Bad-good-bad-good. That has been the story of Green Bay Packers’ season so far in a nutshell. In Week Three’s inept offensive performance against Detroit, I noted that when many commentators were asked to place the teams in NFC North, most put it the Bears-Lions-Packers, in that order. Unfortunately for those who believed that the Bears replaced the Packers as the “class” of the division—since Detroit was still considered too “unpredictable”—on the road against the Chicago was just the cure the struggling Packers needed for their woes—at least their offensive ones. In Week Four’s contest, neither team displayed any semblance of defensive competency in the first half, trading long drives that ended with the Packers leading 21-17 at halftime.
In the second half, the Bears continued to grind-up the Packers defense, especially on the ground, gaining 235 yards rushing all told. Fortunately for the Packers, the Bears were undone by costly mistakes—including two Jay Cutler interceptions—and failed to score a single point after the half; the Packers scored 17 additional points on short fields to win in deceptive “blowout” fashion, 38-17. Despite a more “characteristic” Aaron Rodgers’ performance, a closer examination of the means to victory still leaves some doubt in the mind. The Packers defense was still shredded for nearly 500 yards and 33 first downs—and just as worrying is the fact that Packers still have been unable to establish a running game, with Eddie Lacy gaining but 48 yards on 17 carries—only 2.8 yards per attempt.
Nevertheless, if neither the Packers nor the Bears could be said to have quieted doubters in this game, what of the current division leader, the Detroit Lions? On paper, the Lions and the New York Jets led their respective conferences in fewest yards allowed on defense, but the Jets once more demonstrated for the third week in a row against teams from the “down” NFC North that this mattered little when you have a quarterback who has a habit of giving away short yardage to the other team. And unlike Rodgers last week, Matthew Stafford was able to take advantage of a questionable Jets’ secondary even with an ailing Calvin Johnson barely making an appearance. The Lions could afford to keep Johnson sidelined (he was only targeted twice), because Golden Tate proved with the Lions as he did with Seattle Seahawks last season that he was an adequate No. 1 receiver if called upon.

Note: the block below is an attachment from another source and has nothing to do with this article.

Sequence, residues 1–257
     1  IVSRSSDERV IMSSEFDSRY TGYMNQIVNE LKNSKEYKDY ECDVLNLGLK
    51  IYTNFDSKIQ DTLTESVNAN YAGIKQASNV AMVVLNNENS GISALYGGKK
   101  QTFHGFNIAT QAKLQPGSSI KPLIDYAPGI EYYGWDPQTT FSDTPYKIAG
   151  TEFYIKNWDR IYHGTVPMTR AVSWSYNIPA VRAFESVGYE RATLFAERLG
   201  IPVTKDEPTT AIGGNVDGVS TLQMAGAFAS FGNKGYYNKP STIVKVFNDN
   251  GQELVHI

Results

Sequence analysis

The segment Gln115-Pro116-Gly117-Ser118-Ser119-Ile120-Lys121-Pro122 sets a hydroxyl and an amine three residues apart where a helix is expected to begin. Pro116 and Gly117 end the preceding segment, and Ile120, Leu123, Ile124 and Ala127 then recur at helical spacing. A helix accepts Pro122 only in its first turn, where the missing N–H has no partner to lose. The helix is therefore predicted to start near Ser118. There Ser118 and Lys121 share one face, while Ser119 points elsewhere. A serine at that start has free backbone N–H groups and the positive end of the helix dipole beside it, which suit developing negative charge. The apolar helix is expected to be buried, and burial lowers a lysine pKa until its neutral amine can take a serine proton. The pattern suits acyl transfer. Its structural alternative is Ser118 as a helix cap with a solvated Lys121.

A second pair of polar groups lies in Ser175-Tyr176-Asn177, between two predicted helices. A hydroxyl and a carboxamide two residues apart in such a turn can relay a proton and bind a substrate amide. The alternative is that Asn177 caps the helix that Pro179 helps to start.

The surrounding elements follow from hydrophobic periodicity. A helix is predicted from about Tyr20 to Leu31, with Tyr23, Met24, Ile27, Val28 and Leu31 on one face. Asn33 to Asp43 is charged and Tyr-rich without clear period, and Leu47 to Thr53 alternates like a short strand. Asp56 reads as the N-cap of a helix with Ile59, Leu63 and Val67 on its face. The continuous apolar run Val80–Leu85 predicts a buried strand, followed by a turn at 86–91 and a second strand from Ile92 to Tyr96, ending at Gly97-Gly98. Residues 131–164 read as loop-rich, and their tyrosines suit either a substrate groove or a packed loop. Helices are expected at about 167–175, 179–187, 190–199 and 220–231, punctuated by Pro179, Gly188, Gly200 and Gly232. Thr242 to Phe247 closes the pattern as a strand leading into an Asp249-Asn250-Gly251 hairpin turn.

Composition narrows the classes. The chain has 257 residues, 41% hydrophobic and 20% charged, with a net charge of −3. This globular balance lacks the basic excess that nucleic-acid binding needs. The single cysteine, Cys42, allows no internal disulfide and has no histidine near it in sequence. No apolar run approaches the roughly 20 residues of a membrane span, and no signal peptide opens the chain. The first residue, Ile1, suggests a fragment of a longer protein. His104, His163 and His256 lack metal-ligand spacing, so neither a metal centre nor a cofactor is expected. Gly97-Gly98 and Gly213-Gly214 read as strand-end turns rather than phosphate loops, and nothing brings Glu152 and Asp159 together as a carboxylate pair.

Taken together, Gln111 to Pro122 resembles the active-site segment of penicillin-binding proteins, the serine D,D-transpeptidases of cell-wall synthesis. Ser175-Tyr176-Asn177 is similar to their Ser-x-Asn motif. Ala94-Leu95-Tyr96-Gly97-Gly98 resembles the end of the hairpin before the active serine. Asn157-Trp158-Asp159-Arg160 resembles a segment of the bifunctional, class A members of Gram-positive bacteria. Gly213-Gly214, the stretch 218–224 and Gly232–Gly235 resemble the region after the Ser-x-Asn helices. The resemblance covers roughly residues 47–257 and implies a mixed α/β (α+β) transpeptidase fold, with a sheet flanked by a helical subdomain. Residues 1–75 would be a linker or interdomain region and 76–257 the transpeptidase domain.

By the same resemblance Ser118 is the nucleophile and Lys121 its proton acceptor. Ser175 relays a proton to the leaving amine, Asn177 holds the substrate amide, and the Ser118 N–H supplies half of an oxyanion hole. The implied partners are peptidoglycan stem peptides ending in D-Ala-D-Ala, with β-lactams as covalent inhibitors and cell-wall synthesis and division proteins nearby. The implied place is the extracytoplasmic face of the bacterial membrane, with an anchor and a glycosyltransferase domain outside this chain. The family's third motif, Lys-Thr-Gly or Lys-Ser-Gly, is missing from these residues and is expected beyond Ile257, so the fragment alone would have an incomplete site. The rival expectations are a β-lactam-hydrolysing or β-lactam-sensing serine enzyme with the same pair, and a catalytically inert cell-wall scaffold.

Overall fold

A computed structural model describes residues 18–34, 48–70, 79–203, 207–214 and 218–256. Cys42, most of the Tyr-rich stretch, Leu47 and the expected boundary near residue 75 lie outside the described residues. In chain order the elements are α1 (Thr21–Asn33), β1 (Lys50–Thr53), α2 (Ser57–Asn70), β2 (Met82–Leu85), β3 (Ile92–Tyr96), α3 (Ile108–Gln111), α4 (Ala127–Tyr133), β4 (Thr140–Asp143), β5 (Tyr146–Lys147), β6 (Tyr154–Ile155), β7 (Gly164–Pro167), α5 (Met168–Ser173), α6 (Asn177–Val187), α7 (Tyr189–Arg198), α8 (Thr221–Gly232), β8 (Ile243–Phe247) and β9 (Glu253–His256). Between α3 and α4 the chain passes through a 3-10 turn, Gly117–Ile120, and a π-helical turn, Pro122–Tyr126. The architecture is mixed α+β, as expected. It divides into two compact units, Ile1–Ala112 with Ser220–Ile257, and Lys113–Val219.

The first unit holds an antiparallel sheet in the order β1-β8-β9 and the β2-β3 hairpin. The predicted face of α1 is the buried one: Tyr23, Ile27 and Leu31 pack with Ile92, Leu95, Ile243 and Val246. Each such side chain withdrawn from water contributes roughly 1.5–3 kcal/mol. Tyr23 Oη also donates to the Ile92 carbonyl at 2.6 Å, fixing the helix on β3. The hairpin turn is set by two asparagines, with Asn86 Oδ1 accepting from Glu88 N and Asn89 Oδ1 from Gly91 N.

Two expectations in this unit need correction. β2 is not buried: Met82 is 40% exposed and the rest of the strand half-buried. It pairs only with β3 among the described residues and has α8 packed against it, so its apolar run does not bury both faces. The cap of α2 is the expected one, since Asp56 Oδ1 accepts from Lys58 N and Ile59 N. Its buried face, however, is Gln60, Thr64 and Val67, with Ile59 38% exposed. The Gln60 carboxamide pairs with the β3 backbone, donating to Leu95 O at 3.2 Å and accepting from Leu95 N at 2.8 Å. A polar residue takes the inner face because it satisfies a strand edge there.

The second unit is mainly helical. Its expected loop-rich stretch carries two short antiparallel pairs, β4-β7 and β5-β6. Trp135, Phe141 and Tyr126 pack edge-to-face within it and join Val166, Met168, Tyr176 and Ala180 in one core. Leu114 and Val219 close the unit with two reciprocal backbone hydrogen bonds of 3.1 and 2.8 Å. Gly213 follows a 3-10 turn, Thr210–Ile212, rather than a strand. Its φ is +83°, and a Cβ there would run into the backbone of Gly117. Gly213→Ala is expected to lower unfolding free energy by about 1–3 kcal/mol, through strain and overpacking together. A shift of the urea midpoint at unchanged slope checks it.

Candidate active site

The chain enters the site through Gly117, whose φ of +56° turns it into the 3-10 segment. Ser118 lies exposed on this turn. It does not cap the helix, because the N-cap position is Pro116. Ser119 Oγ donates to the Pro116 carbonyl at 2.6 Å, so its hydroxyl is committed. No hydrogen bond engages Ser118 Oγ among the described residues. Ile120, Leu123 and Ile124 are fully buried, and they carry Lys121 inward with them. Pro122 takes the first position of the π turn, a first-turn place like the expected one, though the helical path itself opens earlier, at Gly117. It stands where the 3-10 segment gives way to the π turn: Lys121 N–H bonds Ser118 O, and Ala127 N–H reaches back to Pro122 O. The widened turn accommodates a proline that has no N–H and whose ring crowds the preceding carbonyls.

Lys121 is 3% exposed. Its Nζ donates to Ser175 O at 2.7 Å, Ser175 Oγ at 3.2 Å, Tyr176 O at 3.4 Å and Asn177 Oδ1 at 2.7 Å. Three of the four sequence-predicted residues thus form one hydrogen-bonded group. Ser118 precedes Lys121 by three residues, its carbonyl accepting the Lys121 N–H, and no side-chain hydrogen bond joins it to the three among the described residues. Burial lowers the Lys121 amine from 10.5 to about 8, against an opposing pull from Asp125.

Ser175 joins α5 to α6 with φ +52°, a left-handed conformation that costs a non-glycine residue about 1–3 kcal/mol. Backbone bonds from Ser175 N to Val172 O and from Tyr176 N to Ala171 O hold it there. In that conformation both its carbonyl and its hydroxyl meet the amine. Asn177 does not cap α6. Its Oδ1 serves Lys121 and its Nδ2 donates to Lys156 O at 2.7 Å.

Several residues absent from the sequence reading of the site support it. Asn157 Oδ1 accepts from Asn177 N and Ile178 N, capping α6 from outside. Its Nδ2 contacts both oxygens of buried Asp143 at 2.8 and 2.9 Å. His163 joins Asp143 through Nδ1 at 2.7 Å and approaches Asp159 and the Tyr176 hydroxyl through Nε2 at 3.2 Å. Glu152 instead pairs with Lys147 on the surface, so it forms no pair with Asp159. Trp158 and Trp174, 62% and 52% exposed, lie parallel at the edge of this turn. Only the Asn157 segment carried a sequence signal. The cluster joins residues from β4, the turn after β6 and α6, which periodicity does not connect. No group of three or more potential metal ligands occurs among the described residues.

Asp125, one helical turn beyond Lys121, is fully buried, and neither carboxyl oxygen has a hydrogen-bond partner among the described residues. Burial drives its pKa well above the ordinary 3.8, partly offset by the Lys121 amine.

On the other hand, Geno Smith for the third straight game was ineffectual for long stretches of when he wasn’t serving the ball over to the other team on a silver platter. Once Jets fans were convinced that Smith was the “answer” merely because he looked the part of the “athletic” quarterback, and his name wasn’t Mark Sanchez; now in another home loss, the evidence before their eyes now dissuades the impulse to find blame elsewhere, and the chants for Michael Vick have become more pronounced. Coach Rex Ryan probably wishes to go the “backup” plan option sooner rather than later (despite the façade he is obliged to maintain), but ultimately the decision to bench Smith will come after those who are really making the decisions start feeling the wrath of fans upon themselves.
The question then is if the Lions are “for real.” This may be their season if the Packers and Bears continue to play a Jekyll and Hyde act, and the Lions have certainly played more “consistently” this season; on the other hand, we have seen this from the Lions before, with those late season swoons. But wait—wasn’t that the Vikings who lit-up the scoreboard against the Atlanta Falcons with their latest new quarterback? Tied for “second” in the division? Talk about confusing.